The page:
South Korea is scaling up its focus on family planning and reproductive rights. The United Nations Population Fund (UNFPA) opened a regional office in Seoul, South Korea, in February 2019. The office is intended to strengthen the organization’s engagement with South Korea on matters related to public health, sexual and reproductive health, and an ageing population. UNFPA and South Korea plan to cooperate in implementing South Korea’s 'Action with Women and Peace' initiative, launched last year. In addition, a South Korean diplomat is serving as the president of the executive board of UNDP/UNFPA/UNOPS, providing an opportunity for South Korea to play a bridging role between developed and developing countries and among different stakeholders.  


8 - South Korea bi-multi health ODA

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South Korea channeled around 15%, or US$38 million, of its total health ODA multilaterally in 2016 (the latest year for which complete multilateral data is available). This is far below the OECD DAC average (56%). Assessed contributions to the World Bank and the World Health Organization (WHO) accounted for 68% of this amount (International Development Association (IDA) 33%, WHO 29%, International Bank for Reconstruction and Development (IBRD) 5%). The remaining 32% went to Gavi, the Vaccine Alliance (Gavi; 11%), the Global Fund to Fight AIDS, Tuberculosis and Malaria (Global Fund; 10%), regional development banks (8%), and UN organizations (3%).


9 - South Korea health recipients

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South Korea has pledged US$15 million to Gavi for the period 2019 to 2021. At the Global Fund’s sixth replenishment, South Korea pledged US$25 million for 2020-2022. South Korea contributes to UNITAID, a global health research and development initiative focused on tuberculosis, HIV/AIDS, malaria, and hepatitis C. It has pledged US$15 million to UNITAID for the period 2019 to 2021, which represents a 15% increase in annual contributions compared to its 2013 to 2018 contribution. South Korea contributed US$2 million to the Global Polio Eradication Initiative (GPEI) in 2018, but there is no disbursement planned for 2019. Funding for Gavi, the Global Fund, UNITAID, and the GPEI is raised through an air-ticket solidarity levy on international flights, which is pooled in and disbursed from the ‘Global Disease Eradication Fund’.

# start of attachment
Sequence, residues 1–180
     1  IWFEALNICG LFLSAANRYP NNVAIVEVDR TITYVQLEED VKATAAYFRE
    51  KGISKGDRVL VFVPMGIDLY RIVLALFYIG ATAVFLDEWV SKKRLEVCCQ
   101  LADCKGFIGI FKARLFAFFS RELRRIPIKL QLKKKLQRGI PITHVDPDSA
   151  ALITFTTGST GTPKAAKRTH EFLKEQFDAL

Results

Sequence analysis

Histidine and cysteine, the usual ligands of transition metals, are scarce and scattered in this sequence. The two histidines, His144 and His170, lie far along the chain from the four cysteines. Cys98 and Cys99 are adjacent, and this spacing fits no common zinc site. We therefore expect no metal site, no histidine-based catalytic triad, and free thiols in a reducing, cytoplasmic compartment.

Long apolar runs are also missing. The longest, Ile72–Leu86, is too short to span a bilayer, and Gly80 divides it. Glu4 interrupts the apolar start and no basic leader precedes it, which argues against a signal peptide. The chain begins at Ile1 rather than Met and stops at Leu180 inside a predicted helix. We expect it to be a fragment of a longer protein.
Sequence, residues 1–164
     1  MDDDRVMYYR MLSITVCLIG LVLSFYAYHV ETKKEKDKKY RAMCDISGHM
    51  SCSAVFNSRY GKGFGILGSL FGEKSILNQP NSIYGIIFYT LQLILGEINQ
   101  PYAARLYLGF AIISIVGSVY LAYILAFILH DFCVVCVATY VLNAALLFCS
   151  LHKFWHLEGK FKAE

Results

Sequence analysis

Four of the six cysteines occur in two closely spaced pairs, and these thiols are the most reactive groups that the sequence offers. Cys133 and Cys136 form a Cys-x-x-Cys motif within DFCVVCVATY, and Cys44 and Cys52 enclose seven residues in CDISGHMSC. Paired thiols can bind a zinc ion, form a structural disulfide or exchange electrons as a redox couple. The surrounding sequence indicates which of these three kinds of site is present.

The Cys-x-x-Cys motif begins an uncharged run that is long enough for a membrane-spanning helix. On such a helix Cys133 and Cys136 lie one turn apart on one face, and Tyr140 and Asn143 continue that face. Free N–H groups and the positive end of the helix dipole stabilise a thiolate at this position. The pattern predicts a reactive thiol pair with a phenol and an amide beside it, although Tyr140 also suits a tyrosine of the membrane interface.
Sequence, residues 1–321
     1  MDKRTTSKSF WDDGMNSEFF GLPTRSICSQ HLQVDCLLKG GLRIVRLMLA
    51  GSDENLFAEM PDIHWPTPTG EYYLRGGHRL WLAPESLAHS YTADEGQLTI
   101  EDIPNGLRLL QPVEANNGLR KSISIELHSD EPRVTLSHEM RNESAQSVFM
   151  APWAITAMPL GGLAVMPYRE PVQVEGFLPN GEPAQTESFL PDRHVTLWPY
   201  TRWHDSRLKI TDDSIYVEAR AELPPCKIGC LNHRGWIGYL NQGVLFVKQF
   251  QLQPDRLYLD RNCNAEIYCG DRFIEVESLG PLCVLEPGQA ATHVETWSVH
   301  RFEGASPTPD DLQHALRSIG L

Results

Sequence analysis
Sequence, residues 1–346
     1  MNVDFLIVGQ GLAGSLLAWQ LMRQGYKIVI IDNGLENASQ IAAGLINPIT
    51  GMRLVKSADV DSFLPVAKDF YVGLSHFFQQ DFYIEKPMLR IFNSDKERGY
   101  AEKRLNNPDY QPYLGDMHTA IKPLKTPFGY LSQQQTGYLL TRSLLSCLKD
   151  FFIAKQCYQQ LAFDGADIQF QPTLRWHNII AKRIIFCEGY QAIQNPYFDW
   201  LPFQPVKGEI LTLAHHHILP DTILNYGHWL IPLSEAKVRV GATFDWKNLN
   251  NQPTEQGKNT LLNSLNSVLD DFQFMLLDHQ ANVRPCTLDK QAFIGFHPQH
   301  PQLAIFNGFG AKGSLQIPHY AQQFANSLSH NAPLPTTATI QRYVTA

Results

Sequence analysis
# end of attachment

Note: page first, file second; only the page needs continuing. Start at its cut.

10 - South korea health commitment

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The Ministry of Foreign Affairs Development Cooperation Bureau leads on the development of the global-health strategy

South Korea’s global health policy is largely determined by the Ministry of Foreign Affairs (MOFA). Within MOFA, the Development Policy Division leads on developing global health policies. The Multilateral Development Cooperation and Humanitarian Assistance Division manages relations with multilateral health initiatives such as the Global Fund and Gavi.

The Ministry of Health and Welfare (MOHW) and the Korea Foundation for International Healthcare (KOFIH) are also engaged in improving global health. Their global health programs include medical and health-care assistance programs, including the provision of medical devices, equipment, and disaster relief. MOHW is responsible for core and voluntary contributions to the WHO.

Further readings

Government sources